I was working with the president of a financial services company the other day. Our conversation moved quickly and easily over multiple, diverse topics, including a couple of new ways to motivate his sales force, techniques for probing more deeply into clients’ needs, and tips for letting people know that he disagreed with their views without using the truth as a weapon. I like working with him because not only is he very intelligent as many business owners are, but also because he takes feedback like a champ — and then goes and tries to apply it.
At some point during our chat, I asked him to put on his figurative seatbelt, because I wanted to say something a little intrusive. And then I asked him to think about changing his catchphrase.
We all have them — whether we mean, “That’s a good point,” “Please continue,” I can’t believe it,” or something equivalent. When spoken by a person in a position of power, though, listeners often read into those catchphrases more meaning than habit. So when you say, “Now that’s an interesting idea,” people who care about your opinion might assume anything from, “Start work on this new project immediately!” to, “Nice thought, but don’t expect any resources or action from me.” And maybe all you meant was that you wanted to hear more.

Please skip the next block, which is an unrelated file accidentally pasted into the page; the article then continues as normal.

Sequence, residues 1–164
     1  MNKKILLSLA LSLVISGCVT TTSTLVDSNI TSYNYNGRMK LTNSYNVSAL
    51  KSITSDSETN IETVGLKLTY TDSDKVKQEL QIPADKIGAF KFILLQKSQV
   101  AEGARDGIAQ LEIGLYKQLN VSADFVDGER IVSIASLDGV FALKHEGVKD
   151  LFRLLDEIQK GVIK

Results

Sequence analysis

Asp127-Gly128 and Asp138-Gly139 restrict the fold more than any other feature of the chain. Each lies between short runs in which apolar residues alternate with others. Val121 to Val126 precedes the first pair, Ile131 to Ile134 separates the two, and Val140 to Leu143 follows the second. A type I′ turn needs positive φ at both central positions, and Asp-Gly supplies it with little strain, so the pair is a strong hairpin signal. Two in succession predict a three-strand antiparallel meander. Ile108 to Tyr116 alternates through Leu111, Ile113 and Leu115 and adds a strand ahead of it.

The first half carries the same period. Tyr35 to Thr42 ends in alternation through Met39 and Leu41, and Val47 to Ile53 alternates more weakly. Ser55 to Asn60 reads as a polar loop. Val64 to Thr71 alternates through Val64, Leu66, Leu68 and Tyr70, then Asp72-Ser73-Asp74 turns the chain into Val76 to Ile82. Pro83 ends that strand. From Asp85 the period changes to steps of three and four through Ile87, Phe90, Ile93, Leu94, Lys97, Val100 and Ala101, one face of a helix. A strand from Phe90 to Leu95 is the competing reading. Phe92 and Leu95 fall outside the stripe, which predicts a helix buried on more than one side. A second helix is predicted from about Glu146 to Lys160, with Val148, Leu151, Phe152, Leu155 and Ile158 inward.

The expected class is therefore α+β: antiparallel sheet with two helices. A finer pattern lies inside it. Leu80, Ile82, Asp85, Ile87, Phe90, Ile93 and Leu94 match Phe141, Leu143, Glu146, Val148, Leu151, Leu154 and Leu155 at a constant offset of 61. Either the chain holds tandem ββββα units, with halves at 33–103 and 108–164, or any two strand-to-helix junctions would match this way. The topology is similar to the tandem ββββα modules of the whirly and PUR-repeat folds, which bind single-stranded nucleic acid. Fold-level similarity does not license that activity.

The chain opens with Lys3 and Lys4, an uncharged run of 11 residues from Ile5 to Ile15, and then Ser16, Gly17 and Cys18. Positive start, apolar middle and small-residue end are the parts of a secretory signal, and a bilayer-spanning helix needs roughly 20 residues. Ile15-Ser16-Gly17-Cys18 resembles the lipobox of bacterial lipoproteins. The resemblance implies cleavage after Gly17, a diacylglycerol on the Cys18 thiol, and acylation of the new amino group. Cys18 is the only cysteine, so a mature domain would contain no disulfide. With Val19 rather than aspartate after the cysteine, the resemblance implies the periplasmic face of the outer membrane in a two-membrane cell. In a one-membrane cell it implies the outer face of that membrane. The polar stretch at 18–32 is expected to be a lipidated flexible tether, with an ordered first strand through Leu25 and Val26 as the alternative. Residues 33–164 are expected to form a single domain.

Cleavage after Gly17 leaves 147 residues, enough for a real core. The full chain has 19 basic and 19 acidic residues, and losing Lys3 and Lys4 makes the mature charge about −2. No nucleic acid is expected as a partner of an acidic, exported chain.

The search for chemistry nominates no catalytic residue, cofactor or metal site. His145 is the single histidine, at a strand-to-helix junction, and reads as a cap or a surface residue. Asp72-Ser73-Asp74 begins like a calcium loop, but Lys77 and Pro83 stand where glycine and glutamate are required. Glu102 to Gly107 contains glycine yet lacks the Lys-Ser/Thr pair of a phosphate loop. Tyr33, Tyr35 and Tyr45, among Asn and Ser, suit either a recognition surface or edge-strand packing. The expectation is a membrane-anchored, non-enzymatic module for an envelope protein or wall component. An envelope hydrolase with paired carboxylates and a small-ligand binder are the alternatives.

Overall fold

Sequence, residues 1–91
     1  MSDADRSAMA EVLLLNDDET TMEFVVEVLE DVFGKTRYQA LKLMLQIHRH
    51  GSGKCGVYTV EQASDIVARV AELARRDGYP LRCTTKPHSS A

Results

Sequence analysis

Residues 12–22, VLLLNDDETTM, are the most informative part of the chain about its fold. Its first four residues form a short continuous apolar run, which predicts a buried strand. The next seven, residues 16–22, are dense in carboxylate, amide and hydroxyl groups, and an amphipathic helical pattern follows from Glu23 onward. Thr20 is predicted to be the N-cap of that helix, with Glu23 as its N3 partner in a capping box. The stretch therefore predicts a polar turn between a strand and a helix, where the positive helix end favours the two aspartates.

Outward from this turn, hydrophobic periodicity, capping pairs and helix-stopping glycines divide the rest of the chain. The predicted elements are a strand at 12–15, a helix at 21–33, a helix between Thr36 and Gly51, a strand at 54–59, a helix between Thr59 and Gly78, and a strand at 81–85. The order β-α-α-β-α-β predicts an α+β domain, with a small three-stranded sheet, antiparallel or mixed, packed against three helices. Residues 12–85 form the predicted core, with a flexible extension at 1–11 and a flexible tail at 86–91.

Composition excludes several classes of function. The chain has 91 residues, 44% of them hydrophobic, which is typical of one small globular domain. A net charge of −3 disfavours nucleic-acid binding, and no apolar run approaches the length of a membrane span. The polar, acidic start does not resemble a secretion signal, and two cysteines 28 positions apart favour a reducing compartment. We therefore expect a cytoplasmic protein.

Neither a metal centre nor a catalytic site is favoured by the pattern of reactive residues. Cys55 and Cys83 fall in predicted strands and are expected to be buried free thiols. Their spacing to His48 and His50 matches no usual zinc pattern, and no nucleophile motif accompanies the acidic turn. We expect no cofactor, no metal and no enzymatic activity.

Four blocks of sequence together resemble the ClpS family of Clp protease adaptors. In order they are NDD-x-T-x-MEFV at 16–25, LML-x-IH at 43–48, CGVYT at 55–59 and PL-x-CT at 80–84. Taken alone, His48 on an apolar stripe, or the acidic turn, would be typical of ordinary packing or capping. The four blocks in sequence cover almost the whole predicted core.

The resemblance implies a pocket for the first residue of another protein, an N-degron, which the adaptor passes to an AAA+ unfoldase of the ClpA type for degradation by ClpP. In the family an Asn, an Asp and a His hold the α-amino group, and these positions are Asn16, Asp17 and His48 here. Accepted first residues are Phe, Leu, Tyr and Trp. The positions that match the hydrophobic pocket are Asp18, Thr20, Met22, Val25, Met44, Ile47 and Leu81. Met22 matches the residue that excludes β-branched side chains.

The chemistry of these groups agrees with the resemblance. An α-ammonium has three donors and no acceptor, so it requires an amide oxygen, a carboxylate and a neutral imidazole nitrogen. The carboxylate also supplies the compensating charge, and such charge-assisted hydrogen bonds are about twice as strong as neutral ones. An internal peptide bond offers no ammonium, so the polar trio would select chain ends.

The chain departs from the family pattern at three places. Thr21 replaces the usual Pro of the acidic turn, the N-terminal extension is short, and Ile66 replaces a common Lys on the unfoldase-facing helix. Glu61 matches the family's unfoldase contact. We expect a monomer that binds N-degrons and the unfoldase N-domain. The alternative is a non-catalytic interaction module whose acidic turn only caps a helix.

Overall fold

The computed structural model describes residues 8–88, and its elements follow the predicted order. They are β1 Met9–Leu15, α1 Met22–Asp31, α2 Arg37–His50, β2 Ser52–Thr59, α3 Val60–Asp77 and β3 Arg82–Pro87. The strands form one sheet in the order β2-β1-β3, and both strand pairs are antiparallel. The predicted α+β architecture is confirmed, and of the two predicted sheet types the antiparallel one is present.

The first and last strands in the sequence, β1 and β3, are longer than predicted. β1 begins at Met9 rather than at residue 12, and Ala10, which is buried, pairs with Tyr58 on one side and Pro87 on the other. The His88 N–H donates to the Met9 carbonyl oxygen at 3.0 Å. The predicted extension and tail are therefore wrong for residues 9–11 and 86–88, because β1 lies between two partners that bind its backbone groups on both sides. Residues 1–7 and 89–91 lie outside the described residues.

Your automatic responses can be heard as put-downs or picker-uppers. If you have a declared vision, mission, strategy, be sure that any catchword you use habitually is working in their service, so that everyone continues following in the parade you intend to be leading. If your watchword is too neutral, or if you use it too often and too mindlessly, folks may come to ignore your response altogether.
So ask the people you chat with frequently if you have a catchphrase, and what it means to them, and see if it’s what you actually meant. You can always choose another one. Or a couple of different ones and change them up. Just a word to the wise…
Onward and upward,